America's spies wander in a wilderness of mirrors of their own making. Baying at their heels are congressional reformers, spurned Iraqi politicians and a tough new boss with a presidential mandate to whip the CIA into line or else.
That's Mission Probably Impossible for Porter Goss, who intends to make the CIA accountable (hooray) for its undeniable serial failures and politically loyal to the Bush White House (hiss). Goss, the agency's director, needs an error-free plan. He is poking at a mean snake with a short stick.
The Chinese would use a different animal metaphor: Goss chops off the heads of chickens to frighten harder-to-get-at monkeys. A former spook and an ex-House member, Goss has forced out two officials who ran the agency's covert operations, and he has a clear exit strategy for others who defy or undercut him.
The ousted officials and/or their admirers at the agency fight back by doing what they do best: getting their story (and Goss's first operational memo) into the press, without identifiable fingerprints on the leaks. Schooled in the black art of camouflaging propaganda for national purposes, they can adapt the technique for personal aims.
The desire for celebrity and for the wages of spin now burns brightly even in the shadow world. This became unmistakable when best-selling author and nonetheless spy Michael Scheuer greeted Goss's appointment by announcing his resignation from the CIA and referred inquiries "to his publicist," as The Post reported without a hint of irony, surprise or incongruity.
Deception is a way of life for spies, whose survival depends on lying fluently. The constant danger is that they will begin lying to friends and superiors as well as foes, and ultimately to themselves. To grant a power is to predict its abuse: The agency's manipulations in Iraqi politics are the latest case in point.
Sen. John McCain hits home by describing the CIA as "dysfunctional" and "a rogue agency." Goss echoes that judgment in his memo by reportedly saying that the agency's job is "not [to] identify with, support or champion opposition to the administration or its policies." The suddenly loquacious Scheuer said that the agency had been happy to let him oppose the administration, although, he said, that had not been his intent.
But Goss errs badly in saying that the agency must "support the administration and its policies in our work." He should rescind that unwise and unworkable phrase and concentrate instead on his promise to "let the facts alone speak to the policy-maker."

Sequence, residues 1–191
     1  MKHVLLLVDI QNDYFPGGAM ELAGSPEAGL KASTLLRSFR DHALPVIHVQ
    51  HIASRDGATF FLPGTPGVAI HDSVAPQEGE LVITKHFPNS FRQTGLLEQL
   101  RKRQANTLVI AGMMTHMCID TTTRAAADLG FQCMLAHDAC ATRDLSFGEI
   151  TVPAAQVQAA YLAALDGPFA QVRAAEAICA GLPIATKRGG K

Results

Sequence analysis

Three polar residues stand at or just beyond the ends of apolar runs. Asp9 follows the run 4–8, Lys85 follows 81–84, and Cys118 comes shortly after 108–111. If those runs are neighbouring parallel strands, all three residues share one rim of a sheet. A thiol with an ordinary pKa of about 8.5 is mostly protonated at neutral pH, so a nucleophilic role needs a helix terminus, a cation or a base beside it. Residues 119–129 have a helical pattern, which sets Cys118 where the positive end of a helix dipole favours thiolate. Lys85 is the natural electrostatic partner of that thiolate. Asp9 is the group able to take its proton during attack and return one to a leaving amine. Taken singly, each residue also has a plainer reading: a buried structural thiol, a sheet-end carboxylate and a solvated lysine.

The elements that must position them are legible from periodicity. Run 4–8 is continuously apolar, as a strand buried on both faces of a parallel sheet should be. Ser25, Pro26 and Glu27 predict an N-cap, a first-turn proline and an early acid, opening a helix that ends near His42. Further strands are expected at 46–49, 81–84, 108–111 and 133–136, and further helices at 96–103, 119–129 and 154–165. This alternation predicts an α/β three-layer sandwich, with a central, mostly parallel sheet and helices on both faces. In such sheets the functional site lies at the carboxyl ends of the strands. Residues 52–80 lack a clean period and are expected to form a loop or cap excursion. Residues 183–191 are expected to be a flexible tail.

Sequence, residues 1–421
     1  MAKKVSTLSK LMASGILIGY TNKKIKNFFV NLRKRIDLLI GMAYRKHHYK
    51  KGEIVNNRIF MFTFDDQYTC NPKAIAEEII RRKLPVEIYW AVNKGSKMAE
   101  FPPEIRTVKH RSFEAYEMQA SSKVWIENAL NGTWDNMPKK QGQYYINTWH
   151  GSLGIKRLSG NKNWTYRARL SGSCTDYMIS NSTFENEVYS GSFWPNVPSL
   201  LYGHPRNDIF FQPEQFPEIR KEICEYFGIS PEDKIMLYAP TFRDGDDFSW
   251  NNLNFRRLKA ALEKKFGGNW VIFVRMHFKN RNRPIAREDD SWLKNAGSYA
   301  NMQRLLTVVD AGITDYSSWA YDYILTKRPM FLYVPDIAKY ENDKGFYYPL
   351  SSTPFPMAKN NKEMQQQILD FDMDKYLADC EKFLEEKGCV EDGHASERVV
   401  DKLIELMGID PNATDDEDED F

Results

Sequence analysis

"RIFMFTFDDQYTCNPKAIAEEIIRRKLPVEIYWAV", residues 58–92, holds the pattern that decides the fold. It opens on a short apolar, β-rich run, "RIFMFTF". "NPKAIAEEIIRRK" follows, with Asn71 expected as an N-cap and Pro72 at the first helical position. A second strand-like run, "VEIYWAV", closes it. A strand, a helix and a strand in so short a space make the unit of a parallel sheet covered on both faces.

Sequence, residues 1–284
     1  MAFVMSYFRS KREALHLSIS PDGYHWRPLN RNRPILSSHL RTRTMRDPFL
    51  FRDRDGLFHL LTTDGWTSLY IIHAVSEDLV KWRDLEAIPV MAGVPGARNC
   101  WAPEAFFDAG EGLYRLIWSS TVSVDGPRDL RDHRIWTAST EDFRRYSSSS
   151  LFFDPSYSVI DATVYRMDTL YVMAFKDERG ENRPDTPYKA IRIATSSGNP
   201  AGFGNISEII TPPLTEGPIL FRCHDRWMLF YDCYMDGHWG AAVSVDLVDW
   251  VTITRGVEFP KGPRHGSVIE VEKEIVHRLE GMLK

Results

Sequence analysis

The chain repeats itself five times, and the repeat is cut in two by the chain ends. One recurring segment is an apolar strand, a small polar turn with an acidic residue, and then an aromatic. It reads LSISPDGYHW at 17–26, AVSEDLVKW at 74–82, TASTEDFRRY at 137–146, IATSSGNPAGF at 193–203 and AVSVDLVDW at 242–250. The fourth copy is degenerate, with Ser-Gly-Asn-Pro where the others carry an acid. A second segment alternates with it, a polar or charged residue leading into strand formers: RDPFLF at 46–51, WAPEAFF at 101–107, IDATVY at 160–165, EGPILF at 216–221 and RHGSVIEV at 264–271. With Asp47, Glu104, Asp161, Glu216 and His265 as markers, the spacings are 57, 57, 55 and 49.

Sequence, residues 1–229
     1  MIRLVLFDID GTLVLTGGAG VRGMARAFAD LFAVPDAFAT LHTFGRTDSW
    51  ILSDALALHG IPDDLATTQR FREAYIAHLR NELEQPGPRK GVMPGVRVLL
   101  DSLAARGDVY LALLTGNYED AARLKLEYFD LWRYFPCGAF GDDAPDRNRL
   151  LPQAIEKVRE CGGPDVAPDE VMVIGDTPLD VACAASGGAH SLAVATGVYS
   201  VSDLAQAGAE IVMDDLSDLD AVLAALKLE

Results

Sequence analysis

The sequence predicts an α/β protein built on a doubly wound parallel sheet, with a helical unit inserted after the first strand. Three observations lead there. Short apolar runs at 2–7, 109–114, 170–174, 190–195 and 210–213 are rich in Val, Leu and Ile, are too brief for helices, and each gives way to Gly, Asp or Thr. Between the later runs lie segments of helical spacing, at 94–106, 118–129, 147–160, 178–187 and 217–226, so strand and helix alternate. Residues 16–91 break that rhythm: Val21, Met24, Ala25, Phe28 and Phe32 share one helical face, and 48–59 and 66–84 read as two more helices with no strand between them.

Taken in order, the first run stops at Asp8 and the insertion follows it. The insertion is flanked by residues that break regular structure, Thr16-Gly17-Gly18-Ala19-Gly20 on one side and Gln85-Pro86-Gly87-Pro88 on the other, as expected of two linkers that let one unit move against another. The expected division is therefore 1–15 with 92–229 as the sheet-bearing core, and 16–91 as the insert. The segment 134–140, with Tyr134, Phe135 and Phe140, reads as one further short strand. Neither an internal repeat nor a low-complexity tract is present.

Well, yes, but which facts? Which policymakers? How loudly? When Clintonites wanted facts that argued against military retaliation for al Qaeda's bombing of the USS Cole, such "facts" were shouted at them by the intelligence community. And when President Bush decided that Iraq's Ahmed Chalabi was politically inconvenient, the agency gathered facts by making many of them up and helping splash the most lurid ones on newsmagazine covers.
Bush, Goss and others in command must urgently think through the fact that the agency whose judgments and tactics they now so distrust gave them Ayad Allawi, a longtime CIA protege, as Iraq's interim prime minister. Covert efforts to tip the January elections to Allawi's clique would be a betrayal of U.S. sacrifices for freedom in Iraq.
For the longer term, Bush must decide how a secret agency dedicated to deceit can be made compatible with America's open society and with his promises to bring democracy to the Middle East. That may be the Mission Impossible on which Bush's ringing declarations about freedom could founder.
Bush would then also wander in the wilderness of mirrors, a phrase that the CIA's late James Angleton borrowed from T. S. Eliot to describe the espionage trade. It is a leitmotif for a marvelous new book about spies, truth and no consequences that Goss should read now, if only for the author's observation that "Angleton's career supports the theory that the intelligence profession not only attracts neurotics but produces them."
"Deceiving the Deceivers" argues that British turncoat Kim Philby was not the KGB spy of the century, as widely believed, but was used in an ultra-secret British disinformation operation to convince Moscow that it faced a mighty (but nonexistent) U.S.-U.K. nuclear arsenal at the Cold War's dawn.
The author, S.J. Hamrick, a retired U.S. diplomat who was legendary as seer and analyst in the early days of Africa's independence, is no CIA-basher. But his historical account speaks to the eternal danger of the spies treating truth as a pliable bit of tradecraft and of others ever fully believing them.